Plan in advance. Use all the space available as efficiently as possible. If there is room, consider everything from pots and benches (for seedlings) to growbags and even small sleepers. Before planting anything, make sure all the containers have been thoroughly cleaned. Contamination can be fatal for plant life.

When it comes to planting the seeds themselves, follow the instructions on the packet. Everything below is a very general guideline to all vegetables.

When planting anything, make sure the seeds are placed in the optimal soil. Unsure which plants thrive best in which soil? Take a look at this article on the different types of soil in the garden:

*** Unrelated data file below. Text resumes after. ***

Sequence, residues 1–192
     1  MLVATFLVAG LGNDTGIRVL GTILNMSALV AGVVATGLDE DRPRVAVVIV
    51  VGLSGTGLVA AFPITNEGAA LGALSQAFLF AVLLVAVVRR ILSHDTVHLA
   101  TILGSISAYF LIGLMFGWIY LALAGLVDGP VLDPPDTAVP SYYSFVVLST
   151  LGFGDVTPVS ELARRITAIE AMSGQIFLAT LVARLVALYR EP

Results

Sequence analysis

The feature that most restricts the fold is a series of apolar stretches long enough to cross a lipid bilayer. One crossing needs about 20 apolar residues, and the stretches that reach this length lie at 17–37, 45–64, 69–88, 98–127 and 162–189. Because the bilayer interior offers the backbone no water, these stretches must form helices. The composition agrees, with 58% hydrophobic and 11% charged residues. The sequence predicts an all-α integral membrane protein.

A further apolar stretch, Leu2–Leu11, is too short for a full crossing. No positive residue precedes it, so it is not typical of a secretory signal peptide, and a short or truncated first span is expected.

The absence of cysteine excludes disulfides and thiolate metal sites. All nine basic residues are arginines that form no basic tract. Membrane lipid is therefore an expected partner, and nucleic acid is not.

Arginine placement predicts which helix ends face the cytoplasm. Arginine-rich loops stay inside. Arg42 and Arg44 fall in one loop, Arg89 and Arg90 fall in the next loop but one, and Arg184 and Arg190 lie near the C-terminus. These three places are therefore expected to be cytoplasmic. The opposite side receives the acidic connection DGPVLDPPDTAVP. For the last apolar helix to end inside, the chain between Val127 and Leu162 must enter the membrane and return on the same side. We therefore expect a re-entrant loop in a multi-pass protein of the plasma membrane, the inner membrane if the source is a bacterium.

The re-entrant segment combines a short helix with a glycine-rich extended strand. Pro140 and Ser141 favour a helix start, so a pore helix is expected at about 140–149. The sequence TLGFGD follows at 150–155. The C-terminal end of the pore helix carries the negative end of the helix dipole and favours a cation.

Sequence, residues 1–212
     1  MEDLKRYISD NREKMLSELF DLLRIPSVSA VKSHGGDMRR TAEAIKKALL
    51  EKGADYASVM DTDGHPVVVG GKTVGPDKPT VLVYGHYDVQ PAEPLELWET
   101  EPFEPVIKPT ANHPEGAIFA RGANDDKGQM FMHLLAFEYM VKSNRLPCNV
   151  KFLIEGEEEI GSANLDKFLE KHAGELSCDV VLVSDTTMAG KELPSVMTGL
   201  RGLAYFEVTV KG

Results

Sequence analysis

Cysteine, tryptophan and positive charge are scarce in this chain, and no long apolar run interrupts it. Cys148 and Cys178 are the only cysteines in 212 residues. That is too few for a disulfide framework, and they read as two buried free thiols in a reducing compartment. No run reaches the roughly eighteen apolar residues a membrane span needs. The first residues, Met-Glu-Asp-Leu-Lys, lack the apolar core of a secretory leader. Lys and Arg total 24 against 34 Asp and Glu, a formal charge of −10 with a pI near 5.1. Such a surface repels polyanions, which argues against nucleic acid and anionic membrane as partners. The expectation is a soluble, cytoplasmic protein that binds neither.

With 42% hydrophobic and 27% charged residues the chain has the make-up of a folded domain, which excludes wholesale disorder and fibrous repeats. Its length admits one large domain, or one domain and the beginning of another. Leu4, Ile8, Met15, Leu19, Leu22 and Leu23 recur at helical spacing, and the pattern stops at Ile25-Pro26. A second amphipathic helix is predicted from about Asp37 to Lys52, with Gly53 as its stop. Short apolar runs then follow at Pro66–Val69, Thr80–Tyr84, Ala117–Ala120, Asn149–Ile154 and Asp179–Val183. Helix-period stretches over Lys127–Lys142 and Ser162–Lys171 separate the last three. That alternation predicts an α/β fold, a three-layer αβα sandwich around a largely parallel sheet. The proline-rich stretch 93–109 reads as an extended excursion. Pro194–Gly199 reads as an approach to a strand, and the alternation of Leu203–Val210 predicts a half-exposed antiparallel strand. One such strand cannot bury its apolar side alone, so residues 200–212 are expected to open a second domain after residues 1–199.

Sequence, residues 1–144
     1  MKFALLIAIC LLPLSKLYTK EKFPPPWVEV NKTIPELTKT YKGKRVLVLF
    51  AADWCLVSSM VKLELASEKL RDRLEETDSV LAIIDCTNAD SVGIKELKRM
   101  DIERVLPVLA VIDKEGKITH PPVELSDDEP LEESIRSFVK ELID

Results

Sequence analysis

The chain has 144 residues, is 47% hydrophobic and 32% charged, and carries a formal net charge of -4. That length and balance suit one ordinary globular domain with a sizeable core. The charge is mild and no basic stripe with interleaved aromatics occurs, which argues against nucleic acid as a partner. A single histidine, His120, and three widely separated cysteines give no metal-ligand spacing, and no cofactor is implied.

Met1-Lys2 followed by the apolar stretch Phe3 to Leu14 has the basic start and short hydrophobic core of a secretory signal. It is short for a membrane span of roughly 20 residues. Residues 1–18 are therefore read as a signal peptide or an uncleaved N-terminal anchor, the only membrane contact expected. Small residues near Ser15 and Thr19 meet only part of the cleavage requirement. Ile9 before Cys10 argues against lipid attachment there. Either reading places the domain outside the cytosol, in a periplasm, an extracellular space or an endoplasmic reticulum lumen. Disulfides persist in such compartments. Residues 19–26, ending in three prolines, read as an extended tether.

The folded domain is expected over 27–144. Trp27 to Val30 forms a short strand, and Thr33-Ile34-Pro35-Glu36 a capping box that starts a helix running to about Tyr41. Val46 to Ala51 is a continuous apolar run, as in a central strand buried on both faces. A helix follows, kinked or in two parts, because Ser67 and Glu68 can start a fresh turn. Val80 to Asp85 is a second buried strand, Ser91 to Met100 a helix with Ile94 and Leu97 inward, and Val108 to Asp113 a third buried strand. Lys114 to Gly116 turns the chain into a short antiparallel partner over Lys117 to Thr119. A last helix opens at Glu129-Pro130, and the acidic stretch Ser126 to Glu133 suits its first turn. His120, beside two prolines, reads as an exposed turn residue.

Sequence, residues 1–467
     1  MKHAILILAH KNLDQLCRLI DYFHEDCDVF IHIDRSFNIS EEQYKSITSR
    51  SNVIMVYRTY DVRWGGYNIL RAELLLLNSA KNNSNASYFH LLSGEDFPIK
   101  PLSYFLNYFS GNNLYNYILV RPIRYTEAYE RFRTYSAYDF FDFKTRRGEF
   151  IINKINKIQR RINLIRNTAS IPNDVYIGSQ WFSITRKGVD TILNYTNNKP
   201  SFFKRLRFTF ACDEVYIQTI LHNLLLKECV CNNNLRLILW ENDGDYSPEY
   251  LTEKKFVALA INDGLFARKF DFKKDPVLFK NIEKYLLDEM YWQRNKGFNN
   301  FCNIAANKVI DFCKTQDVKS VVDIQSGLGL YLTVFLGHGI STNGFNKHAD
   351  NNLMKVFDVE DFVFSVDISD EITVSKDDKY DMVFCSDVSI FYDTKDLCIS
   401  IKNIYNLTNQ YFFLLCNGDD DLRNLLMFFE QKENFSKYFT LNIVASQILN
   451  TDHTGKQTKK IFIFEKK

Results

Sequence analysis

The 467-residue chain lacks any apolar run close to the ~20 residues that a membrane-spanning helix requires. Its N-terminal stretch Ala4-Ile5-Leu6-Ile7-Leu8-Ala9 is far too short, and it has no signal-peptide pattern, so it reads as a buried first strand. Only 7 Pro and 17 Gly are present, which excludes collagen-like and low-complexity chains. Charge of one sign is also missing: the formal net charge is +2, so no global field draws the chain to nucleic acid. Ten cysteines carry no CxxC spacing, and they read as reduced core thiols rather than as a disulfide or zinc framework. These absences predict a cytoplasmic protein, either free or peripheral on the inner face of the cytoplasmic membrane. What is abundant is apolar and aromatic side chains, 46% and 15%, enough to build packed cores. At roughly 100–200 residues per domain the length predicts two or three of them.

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To begin, let seeds germinate in the springtime. Plant them in soil and place them on a windowsill bathed in sunlight, or in a heated propagator in the greenhouse, and allow them to grow. Provide them with water while this process is happening.

Once the seeds have germinated ââ?¬â?? you will know this has occurred once small shoots are protruding from the soil ââ?¬â?? move them somewhere light and warm, continuing to water and tend them.

Finally, as the plants become sturdy and root bearing, move them into their final positions, preferably in the greenhouse.

Following these few simple steps, alongside additional ones from your plant provider, will ensure a healthy growth.

Why plant vegetables in a greenhouse instead of the garden? In a greenhouse, tender and weaker plants ââ?¬â?? including cucumber and tomatoes ââ?¬â?? will stand a fighting chance. Exotic plants such as okra and melon will be able to thrive too. Not only this, but a greenhouse can allow an earlier harvest, autumn planting and an early start on hardy vegetables.